It is more than portrait photography, exploring the relationship between the three women. As Shah expresses:
“It explores the intimacy, distance and tensions between the generations of women in my family, and how our histories, memories and bodies are intertwined.”
The world Nalini derives from ancient Sanskrit. It translates to ‘lotus plant,’ which symbolises purity and fertility, and it is also a popular Indian name for girls.
This project examined what it means to be a South Asian woman. It also looks at the beauty and challenges of understanding one another across generations and cultures.
Arpita Shah When discussing Nalini exclusively told DESIblitz:
“One of the reasons I became a photographer and started photographing South Asian women, was because I felt that there was not enough of a diverse representation of South Asian women in the arts.
“I wanted to share stories, portraits and experiences of women like mother, my gran and me and that’s what I’ve been doing for over 15 years.”
Zindagi Ki Ghazal
Zindagi Ki Ghazal showcases the filmmaking abilities of Arpita Shah. It is a short film exploring the South Asian elders who have settled in Glasgow, Scotland.
The film focuses on the men and women’s childhood memories of music.
By doing so, it provides a route where the interviewees reveal their experiences of moving to Scotland.
One participant spoke of how shocked she was when experiencing the cold winters of Scotland for the first time.
Another spoke of when she first arrived at Glasgow airport. She remembers being able to read the signs but did not know how to pronounce them.
In addition, Shah artistically pairs the interviewees’ recollections of their favourite songs alongside original music videos.
Occasionally, South Asian elders sing the songs themselves, before their singing merges with the original song.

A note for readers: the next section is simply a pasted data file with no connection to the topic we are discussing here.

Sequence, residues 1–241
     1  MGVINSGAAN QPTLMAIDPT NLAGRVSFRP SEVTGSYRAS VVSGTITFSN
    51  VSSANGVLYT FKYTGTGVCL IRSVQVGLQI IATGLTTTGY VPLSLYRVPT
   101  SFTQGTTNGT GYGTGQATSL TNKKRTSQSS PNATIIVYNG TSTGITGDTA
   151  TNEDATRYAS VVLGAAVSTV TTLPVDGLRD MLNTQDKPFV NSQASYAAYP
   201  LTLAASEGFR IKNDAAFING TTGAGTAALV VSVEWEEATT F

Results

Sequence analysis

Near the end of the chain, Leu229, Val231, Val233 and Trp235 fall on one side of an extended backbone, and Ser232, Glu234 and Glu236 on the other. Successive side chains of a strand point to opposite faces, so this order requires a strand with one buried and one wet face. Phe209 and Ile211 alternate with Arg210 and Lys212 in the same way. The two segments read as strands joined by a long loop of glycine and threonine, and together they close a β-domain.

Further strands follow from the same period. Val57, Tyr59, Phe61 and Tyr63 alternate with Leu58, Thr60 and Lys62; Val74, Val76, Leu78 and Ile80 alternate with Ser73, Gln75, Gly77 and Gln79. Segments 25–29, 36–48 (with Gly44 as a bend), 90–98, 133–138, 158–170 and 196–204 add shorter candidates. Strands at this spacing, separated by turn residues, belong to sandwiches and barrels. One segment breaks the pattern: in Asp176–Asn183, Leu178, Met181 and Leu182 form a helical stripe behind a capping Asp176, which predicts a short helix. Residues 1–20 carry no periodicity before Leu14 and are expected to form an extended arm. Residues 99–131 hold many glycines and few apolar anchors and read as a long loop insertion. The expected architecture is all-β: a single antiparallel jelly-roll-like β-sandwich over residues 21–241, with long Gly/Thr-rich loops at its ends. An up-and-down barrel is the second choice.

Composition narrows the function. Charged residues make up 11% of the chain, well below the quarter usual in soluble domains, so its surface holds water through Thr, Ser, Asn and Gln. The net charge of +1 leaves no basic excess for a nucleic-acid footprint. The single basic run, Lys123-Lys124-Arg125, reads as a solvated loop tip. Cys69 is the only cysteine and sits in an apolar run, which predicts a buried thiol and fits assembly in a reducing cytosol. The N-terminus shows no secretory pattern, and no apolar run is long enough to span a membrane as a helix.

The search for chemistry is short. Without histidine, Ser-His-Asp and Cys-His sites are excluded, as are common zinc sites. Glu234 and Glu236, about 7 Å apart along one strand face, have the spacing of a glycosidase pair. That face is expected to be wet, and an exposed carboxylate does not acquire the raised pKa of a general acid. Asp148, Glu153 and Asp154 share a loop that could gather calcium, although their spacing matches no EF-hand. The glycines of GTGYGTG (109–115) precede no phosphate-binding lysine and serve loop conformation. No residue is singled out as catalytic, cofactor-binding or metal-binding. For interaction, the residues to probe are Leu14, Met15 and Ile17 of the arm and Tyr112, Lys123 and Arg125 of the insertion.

These South Asian songs are clearly very precious to the older diaspora found in Glasgow. They explain that the music takes them back to their childhood. For instance, one participant reveals:
“In reality you are probably 76 or 74, but inside you feel 16 again [when listening to this music.] That’s why these songs are so precious to us.”
Last but not least, we have Modern Muse on our list. It is a forthcoming photography project by Arpita Shah, focusing on South Asian women across Birmingham and the West Midlands.
This project aims to, through their exploration and representation, celebrate South Asian women and their various identities.
Shah tells DESIblitz:
“I feel like it’s a really interesting time for women of colour at the moment, there is more presence and representation compared to what it was like in the ’90s when I was growing up.
“There still needs to be more, but I feel like there are so many more platforms to express yourself now and opportunities to connect with other women.”
Modern Muse aims to contribute in the discussion of what it means to be a young British-Asian woman.
Shah invites all Birmingham and Midlands-based South Asian women between the ages of 16-30 to participate in this project. She has already begun her research but is keen to meet and photograph more women.
“The young women I’ve been meeting and photographing so far through the project are so inspiring and have a lot to say – so I’m really looking forward to meeting more women through the project and exhibiting the portraits in 2020.”
If you are between the ages of 16-30 and wish to participate in this project, the website of Arpita Shah here.